OTTBs rule, but spots are good too!


              • #8
                Lol, sorry I have to smile because I used to have a Fjord and I can relate They are special. When my gelding tried the bolting trick I switched to a 3 ring elevator. Only had to go down to the middle ring. I barely had to touch the rein to get him paying attention. They are STRONG horses, and put together in a way that even makes the pully rein method useless at times. I only needed it for a handful of rides to get the message through, then went back to the loose ring snaffle.

                Does the student need to learn more and develop as a rider? Of course! But assuming she's no asking for much and on a light contact, there's nothing wrong with going down the trail with a little leverage on a horse who bolts, it's not like she's going to be lessoning in it.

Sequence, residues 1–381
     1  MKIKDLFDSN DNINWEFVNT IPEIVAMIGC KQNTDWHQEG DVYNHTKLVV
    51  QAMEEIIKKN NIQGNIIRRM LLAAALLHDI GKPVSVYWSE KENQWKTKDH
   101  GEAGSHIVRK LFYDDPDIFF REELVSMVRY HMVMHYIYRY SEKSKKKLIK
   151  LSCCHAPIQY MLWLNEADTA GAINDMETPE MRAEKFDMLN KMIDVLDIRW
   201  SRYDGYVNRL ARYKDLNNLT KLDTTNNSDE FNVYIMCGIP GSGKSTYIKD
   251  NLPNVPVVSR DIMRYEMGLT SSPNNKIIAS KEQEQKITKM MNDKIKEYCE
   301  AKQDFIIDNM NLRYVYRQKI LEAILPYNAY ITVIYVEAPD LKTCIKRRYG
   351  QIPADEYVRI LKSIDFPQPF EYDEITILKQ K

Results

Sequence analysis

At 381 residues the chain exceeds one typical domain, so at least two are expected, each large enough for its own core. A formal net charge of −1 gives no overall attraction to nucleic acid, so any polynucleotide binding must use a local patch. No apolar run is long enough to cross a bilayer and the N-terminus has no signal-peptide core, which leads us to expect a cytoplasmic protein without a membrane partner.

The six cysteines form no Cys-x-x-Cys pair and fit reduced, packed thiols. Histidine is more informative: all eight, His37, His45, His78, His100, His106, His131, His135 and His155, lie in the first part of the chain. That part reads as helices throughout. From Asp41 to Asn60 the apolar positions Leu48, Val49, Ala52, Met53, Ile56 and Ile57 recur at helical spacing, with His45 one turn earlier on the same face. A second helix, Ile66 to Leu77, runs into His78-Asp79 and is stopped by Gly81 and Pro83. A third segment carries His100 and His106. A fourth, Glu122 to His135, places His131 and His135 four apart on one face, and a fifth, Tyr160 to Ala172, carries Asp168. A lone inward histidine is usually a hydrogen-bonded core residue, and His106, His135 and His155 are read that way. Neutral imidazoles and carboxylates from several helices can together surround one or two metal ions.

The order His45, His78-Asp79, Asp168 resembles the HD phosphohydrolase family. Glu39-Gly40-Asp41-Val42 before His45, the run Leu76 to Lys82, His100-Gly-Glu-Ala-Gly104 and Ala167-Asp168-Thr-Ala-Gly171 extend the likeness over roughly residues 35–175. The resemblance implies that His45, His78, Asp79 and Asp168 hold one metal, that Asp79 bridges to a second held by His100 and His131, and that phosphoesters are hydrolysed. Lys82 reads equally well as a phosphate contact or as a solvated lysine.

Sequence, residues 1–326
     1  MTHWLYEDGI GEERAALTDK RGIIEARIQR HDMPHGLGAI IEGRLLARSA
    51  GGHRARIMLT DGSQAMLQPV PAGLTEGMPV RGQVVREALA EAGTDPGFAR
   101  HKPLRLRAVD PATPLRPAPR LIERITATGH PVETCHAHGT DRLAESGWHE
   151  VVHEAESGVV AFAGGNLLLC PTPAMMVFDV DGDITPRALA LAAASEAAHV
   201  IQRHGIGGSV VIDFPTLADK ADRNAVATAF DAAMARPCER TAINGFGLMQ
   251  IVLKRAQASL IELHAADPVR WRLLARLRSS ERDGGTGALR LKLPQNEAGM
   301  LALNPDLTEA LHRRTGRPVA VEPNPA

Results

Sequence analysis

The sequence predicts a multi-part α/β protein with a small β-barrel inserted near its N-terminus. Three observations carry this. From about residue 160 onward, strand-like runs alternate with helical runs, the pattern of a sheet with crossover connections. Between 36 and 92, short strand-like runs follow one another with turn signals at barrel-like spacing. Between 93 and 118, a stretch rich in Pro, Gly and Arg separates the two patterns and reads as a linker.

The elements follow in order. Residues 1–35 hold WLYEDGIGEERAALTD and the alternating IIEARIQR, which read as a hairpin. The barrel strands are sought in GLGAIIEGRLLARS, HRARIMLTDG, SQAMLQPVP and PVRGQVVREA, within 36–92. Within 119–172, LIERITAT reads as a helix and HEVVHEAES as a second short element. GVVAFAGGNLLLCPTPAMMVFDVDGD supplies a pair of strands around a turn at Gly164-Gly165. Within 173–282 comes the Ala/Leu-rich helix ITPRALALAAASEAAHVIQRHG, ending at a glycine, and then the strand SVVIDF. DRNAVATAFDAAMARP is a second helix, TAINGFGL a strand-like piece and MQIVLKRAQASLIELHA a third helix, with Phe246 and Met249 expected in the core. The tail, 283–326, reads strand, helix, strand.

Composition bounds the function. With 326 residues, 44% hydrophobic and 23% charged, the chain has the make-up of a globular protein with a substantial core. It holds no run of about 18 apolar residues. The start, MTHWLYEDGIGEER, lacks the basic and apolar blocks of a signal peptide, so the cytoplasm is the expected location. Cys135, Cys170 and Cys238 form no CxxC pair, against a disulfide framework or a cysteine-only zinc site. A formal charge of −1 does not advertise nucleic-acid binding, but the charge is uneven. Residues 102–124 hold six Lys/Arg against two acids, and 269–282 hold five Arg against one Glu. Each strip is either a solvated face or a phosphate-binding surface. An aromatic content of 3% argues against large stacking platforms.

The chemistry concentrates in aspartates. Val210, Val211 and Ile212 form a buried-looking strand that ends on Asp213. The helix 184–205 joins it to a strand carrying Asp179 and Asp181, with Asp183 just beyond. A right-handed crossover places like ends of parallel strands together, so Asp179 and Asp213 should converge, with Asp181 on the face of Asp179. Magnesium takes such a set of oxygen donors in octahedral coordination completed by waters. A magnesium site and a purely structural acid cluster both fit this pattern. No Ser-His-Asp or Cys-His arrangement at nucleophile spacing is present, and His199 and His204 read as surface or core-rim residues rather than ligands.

• #9
                  Originally posted by scubed View Post
                  I'm a big fan of Kimberwicks for sometimes naughty ponies. Rather than just more in the mouth, it adds some leverage and the chain.
                  Keeping her in the ring is probably just going to magnify her fears of riding outside the ring.
                  This ^
                  - kimberwicks are made for just such behavior

                  I don't see this rider managing an effective one-rein-stop against a Fjord neck & shoulder.


                  • #10
                    Riders who lack confidence, or who are rightfully scared (in this situation, I think she should be scared) often grab the horse's mouth. Generally they are afraid to let go of the horse "in case" it runs off. This usually creates a scenario where the horse feels restricted and is even more likely to jog, get hot, and bolt. And also, learn to ignore any hand aids since they are being contantly applied.

                    The rider and the horse need to learn to remain in the gait requested, and to ask for & respond to half-halts and halt aids.

                    I agree with all the others that this doesn't seem like a situation where the pair should be out on the trails together.